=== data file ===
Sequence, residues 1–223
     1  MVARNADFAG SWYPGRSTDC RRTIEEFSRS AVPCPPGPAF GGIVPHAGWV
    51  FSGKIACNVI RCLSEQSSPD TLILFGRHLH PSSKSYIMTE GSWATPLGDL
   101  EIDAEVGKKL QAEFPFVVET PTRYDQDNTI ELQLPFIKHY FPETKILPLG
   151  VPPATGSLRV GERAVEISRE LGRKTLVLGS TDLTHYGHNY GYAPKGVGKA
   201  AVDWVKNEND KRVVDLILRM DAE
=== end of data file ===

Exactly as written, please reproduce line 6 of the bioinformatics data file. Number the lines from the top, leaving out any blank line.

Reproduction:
   201  AVDWVKNEND KRVVDLILRM DAE